Footage on Japanese TV showed the explosion had crumbled the building's walls, leaving only a skeletal metal frame standing. Its roof had also been blown off. Plumes of smoke spewed out of the plant, 20 miles from Iwaki.
The Japanese authorities have classified the event at Fukushima Daiichi Unit 1 as a level 4 "accident with local consequences" on the International Nuclear and Radiological Event Scale (INES). The scale is used to consistently communicate the safety significance of events associated with sources of radiation. The scale runs from 0 (deviation -- no safety significance) to 7 (major accident).
The 1979 Three Mile Island accident in Pennsylvania was a level 5 ("accident with wider consequences"). The 1986 Chernobyl disaster was a level 7 ("major accident).
Four workers were injured by the blast at Fukushima Unit 1, officials said.
Edano said the radiation around the plant had not risen after the blast, but had in fact decreased. He did not say why that was so.
Area residents were told to stay indoors, not to drink tap water and to cover their faces with masks or wet towels, according to Britain's Sky News.
Japanese authorities also told the U.N. atomic watchdog that they were making preparations to distribute iodine to people living near nuclear power plants affected by Friday's earthquake.
Iodine can help protect the body from radioactive exposure.
Japan has 55 reactors spread across 17 complexes nationwide.
Road to meltdown
Officials began venting radioactive steam at Fukushima Daiichi's Unit 1 to relieve pressure inside the reactor vessel, which houses the overheated uranium fuel. Officials declined to say what the temperature was inside Unit 1.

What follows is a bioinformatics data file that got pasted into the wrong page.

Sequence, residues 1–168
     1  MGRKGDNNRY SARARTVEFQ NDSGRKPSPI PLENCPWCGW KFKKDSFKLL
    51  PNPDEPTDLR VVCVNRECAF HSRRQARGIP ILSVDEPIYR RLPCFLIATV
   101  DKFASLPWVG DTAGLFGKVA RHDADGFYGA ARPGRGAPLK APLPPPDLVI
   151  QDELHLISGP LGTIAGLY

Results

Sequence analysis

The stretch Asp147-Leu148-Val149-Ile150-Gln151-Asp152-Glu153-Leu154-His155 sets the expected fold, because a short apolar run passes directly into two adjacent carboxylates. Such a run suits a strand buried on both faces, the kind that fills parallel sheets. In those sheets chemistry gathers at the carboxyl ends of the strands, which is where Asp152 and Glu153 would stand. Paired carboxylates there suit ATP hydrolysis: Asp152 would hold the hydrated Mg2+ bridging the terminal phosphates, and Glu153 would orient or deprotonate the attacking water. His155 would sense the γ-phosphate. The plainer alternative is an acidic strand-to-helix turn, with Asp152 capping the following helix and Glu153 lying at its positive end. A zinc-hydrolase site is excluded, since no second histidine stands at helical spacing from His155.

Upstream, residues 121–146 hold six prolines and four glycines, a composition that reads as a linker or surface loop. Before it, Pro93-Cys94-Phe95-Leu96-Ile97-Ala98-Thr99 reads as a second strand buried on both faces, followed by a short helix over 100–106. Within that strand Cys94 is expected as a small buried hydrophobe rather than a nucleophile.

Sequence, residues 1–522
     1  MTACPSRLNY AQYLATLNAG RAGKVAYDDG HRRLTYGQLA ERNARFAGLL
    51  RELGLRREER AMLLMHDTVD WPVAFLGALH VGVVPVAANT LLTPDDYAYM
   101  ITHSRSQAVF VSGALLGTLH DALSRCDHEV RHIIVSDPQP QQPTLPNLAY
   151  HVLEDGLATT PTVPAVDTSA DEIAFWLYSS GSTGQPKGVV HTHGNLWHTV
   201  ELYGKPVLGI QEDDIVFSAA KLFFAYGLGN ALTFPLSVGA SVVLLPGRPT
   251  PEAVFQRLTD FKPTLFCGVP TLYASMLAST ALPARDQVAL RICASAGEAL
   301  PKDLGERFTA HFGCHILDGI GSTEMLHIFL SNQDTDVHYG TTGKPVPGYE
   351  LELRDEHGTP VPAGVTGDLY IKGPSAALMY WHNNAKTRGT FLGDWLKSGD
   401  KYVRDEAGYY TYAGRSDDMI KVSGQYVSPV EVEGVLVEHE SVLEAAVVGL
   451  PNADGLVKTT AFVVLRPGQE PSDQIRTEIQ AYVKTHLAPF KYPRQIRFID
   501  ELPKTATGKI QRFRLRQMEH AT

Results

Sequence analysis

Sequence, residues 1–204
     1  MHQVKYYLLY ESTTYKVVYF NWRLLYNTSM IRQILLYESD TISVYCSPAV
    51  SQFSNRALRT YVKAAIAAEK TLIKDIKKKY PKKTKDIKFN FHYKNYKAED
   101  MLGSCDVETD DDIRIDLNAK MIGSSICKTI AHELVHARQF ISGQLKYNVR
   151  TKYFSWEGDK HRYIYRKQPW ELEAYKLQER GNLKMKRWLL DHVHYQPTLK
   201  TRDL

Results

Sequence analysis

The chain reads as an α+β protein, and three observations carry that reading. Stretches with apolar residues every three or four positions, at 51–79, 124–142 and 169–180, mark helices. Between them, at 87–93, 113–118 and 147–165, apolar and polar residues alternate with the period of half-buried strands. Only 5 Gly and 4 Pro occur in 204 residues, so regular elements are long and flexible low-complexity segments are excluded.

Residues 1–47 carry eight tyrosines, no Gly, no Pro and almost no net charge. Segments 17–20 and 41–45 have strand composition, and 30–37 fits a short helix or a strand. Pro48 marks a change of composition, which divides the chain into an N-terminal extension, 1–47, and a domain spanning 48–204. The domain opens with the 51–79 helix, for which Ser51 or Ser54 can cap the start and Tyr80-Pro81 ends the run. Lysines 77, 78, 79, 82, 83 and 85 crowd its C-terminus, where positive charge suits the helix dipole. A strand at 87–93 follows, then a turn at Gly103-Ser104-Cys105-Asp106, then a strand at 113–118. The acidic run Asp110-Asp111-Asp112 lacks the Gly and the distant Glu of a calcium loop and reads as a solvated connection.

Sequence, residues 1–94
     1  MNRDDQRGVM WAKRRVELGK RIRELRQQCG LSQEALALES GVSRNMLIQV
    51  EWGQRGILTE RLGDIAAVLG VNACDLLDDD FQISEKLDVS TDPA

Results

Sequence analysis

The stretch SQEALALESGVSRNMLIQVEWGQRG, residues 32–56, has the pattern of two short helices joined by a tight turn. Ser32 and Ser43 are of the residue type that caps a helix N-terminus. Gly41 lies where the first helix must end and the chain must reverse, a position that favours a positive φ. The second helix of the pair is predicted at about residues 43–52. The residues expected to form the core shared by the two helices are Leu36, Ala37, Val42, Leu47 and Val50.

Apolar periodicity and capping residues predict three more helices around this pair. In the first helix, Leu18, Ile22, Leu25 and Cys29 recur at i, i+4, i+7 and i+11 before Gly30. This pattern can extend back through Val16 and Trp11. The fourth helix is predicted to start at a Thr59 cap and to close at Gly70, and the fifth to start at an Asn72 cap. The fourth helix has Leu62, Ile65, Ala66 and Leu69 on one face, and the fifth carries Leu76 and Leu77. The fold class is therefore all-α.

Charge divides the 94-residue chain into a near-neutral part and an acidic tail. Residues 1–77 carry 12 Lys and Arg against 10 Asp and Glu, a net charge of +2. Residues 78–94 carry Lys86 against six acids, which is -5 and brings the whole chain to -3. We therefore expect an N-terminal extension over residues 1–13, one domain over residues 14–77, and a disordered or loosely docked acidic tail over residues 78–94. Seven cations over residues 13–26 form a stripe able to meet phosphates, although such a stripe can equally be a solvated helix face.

Officials were aware that the steam contained hydrogen, acknowledged Shinji Kinjo, spokesman for the government nuclear safety agency. More importantly, they also were aware they were risking an explosion by deciding to vent the steam.
The significance of the hydrogen began to come clear late Saturday:
— Officials decided to reduce rising pressure inside the reactor vessel, so they vented some of the steam buildup. They needed to do that to prevent the entire structure from exploding, and thus starting down the road to a meltdown.
— At the same time, in order to keep the reactor fuel cool, and also prevent a meltdown, operators needed to keep circulating more and more cool water on the fuel rods.
— Temperature in the reactor vessel apparently kept rising, heating the zirconium cladding that makes up the fuel rod casings. Once the zirconium reached 2,200 degrees Fahrenheit (1,200 Celsius), it reacted with the water, becoming zirconium oxide and hydrogen.
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— When the hydrogen-filled steam was vented from the reactor vessel, the hydrogen reacted with oxygen, either in the air or water outside the vessel, and exploded.
A similar "hydrogen bubble" had concerned officials at the 1979 Three Mile Island nuclear disaster in Pennsylvania until it dissipated.
If the temperature inside the Fukushima reactor vessel continued to rise even more — to roughly 4,000 degrees Fahrenheit (2,200 Celsius) — then the uranium fuel pellets would start to melt.
According to experts interviewed by The Associated Press, any melted fuel would eat through the bottom of the reactor vessel. Next, it would eat through the floor of the already-damaged containment building. At that point, the uranium and dangerous byproducts would start escaping into the environment.
At some point in the process, the walls of the reactor vessel — 6 inches (15 centimeters) of stainless steel — would melt into a lava-like pile, slump into any remaining water on the floor, and potentially cause an explosion much bigger than the one caused by the hydrogen. Such an explosion would enhance the spread of radioactive contaminants.